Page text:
According to Fuchs, the sponsors of the Assembly and Senate bills that make up the act have appeared to be “somewhat intransigent in terms of wanting to amend the legislation” in ways that would alleviate printers’ concerns. One of the lawmakers, Assemblymember Deborah J. Glick, indicated in an email message that there could be some room for modification—but probably not as much as printers would need.

“Conversations are occurring regarding any possible carve-out,” wrote Glick, who introduced the legislation in partnership with Senator Pete Harckham. “But it should be noted that this does not relate to all printed matter.” 

In calling for the legislation’s passage, Harckham, chair of the Senate Environmental Conservation Committee, described it as “the best chance to finally do something about recyclable waste and the many toxins found in packaging.” A response from his office focuses on an aspect of the situation over which printers have no control: the use of carbon black as a colorant for the packaging material itself.

“When it comes to recycling packaging and plastic, more is better. Unfortunately, carbon black, a pigment created by partial burning of charcoal and natural gas, is not detectable by scanners in the waste sorting processes,” the statement reads. “With scannable, non-toxic alternatives to carbon black on the market already, and scanners that can detect the pigment now being developed, it is a good time to move toward substances that increase recycling rates and are also better for the environment.” 

This addresses the concern that black plastics can be difficult for certain optical sorters to detect in mechanical recycling lines. Becoming commercially available, however, are new technologies that make it possible to identify and separate black plastics with carbon black as the coloring agent. 

What troubles printers is that the bill’s sponsors seem not to know there currently are no practical replacements for carbon black as a pigment for printing ink.

Suitable Alternatives Lacking

Substitutes made from wood scraps, hemp, and metal oxides exist, but they do not perform reliably enough for mainstream printing and packaging applications. Printers have to work with inks that they can readily source, afford to purchase, and be certain that their customers will approve.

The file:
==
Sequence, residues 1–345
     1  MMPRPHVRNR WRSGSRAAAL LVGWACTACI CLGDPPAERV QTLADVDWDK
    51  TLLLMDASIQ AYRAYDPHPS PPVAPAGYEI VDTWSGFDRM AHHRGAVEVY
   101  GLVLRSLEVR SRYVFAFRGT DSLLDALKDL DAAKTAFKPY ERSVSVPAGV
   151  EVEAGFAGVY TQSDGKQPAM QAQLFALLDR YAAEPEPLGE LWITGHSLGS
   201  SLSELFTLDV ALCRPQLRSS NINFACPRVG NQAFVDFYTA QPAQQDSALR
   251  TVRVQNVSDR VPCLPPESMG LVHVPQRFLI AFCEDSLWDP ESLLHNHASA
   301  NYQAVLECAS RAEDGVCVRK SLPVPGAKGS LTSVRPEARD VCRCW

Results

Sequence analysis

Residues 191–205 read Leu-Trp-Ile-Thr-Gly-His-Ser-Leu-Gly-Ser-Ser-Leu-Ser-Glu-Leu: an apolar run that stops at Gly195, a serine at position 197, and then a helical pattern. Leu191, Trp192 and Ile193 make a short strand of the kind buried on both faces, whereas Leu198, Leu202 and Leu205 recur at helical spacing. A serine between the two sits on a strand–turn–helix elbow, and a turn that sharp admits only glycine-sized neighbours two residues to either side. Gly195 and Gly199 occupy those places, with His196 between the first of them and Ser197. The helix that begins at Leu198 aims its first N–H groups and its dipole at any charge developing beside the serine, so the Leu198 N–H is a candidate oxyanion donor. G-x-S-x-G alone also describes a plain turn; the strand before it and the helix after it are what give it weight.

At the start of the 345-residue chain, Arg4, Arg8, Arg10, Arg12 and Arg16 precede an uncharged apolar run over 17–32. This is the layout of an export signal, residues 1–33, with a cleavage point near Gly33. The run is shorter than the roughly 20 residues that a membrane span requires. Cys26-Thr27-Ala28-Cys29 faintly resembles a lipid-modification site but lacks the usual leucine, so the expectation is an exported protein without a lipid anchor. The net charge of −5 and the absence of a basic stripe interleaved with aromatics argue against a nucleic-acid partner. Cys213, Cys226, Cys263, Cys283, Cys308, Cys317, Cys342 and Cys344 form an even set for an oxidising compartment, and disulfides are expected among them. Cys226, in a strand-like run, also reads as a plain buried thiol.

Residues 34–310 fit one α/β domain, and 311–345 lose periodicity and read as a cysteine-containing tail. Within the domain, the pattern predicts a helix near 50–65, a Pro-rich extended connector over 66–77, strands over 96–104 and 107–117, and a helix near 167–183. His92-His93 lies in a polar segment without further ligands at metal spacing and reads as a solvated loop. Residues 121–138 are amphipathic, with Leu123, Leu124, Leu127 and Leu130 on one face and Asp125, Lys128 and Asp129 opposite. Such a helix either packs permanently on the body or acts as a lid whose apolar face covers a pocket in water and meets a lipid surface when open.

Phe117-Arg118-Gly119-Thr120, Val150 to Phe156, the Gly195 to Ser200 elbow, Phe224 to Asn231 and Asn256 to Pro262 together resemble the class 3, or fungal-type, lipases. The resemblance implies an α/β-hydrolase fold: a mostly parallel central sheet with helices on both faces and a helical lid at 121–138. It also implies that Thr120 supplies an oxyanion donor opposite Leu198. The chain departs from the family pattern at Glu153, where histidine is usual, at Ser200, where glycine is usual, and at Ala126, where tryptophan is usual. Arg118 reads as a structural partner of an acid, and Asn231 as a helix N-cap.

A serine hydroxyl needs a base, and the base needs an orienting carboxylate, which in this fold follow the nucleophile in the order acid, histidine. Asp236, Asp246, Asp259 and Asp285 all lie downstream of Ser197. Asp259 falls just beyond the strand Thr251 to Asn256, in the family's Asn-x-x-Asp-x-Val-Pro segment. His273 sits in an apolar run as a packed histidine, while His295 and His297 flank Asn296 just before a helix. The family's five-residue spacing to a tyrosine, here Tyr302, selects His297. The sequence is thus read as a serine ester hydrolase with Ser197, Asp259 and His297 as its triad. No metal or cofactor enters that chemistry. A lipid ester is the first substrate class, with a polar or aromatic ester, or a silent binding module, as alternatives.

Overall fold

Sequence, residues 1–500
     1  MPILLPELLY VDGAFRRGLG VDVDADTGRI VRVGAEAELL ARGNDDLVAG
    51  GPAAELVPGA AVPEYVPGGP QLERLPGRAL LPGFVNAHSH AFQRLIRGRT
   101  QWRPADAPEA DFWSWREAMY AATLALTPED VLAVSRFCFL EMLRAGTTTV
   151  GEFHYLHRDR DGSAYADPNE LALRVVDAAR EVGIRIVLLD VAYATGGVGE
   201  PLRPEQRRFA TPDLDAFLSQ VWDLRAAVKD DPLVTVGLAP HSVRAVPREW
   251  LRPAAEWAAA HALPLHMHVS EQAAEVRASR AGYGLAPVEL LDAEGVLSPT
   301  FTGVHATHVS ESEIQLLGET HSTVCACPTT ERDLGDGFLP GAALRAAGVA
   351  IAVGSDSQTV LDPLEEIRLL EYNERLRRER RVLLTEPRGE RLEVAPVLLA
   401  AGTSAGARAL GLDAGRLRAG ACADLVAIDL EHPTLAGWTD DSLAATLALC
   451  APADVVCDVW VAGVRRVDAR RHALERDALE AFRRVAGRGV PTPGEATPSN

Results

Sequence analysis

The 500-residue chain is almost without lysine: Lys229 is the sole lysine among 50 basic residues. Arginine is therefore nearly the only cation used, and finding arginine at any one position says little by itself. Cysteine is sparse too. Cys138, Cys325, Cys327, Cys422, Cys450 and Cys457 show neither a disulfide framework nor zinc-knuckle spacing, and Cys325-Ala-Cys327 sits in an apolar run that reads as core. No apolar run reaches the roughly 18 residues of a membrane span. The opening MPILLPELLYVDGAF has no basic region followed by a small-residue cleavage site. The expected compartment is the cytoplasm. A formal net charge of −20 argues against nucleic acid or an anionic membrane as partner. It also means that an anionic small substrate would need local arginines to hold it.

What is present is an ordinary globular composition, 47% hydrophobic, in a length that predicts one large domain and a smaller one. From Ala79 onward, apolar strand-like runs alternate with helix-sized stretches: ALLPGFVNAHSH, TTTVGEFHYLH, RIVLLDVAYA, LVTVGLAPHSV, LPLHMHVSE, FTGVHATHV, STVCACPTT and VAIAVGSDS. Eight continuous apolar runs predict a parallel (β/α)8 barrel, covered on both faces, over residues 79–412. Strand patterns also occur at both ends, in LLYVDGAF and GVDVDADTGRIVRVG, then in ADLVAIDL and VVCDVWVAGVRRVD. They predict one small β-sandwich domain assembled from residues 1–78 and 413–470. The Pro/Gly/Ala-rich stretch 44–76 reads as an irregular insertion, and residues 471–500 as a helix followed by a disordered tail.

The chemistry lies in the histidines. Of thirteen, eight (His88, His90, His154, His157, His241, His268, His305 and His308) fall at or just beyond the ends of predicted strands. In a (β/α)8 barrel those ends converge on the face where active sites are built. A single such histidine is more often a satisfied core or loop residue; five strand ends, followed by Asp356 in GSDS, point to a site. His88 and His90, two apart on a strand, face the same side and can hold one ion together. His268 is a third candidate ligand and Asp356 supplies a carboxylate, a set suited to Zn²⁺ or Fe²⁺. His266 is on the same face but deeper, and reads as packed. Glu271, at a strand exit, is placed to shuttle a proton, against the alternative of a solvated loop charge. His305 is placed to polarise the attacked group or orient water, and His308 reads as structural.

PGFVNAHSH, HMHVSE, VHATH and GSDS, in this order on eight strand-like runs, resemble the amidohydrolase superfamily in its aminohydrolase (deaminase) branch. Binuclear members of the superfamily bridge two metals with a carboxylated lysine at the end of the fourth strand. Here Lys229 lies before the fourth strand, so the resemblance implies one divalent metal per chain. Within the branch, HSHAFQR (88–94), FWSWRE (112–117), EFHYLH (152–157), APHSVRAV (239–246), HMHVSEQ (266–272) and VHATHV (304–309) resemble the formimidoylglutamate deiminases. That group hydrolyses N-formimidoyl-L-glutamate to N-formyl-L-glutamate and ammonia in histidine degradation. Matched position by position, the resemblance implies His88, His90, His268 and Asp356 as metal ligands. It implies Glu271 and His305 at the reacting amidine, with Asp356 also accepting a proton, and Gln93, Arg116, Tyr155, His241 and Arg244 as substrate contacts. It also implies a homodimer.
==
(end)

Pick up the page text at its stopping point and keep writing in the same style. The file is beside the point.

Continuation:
As Fuchs observes, “all of the things that the brands require in a package, those performance properties just are not met by pigments other than PB7 carbon black.” 

That leaves printers with nowhere to turn if a ban goes into effect. Turley says, “The feedback we are getting from our primary ink manufacturer is that there are really not any good options out there” as substitutes for carbon black. Keane, likewise, notes that “our ink suppliers said they didn’t currently have one.” 

“There is no alternative that I'm aware of,” concurs Davis. “Therefore, this is backing an industry into a corner without any alternative solutions, which is why I feel it’s irresponsible.” 

Rydell says that Diamond Packaging has been working with its ink suppliers to identify a just-in-case replacement for carbon black-based ink. “But I don’t have a timeline yet as to when that could even be commercially available,” he acknowledges. “We don’t have a solution that I could say I could switch to tomorrow.”

And as printers know from experience, a substitution made under this kind of pressure is likely to carry a price tag. “It’s going to add cost,” Rydell points out. “I haven’t ever found anything that is more sustainable and that doesn’t add cost.”

Printing without carbon black ink—the color that adds shadow, depth, and contrast to CMYK images—creates fundamental difficulties for graphic reproduction. Keane says, “We do a lot of food packaging. Food packaging typically has a picture of the food. You can’t make a picture without black.”

Attempting to do so would mean giving up the business, warns TJ Staib.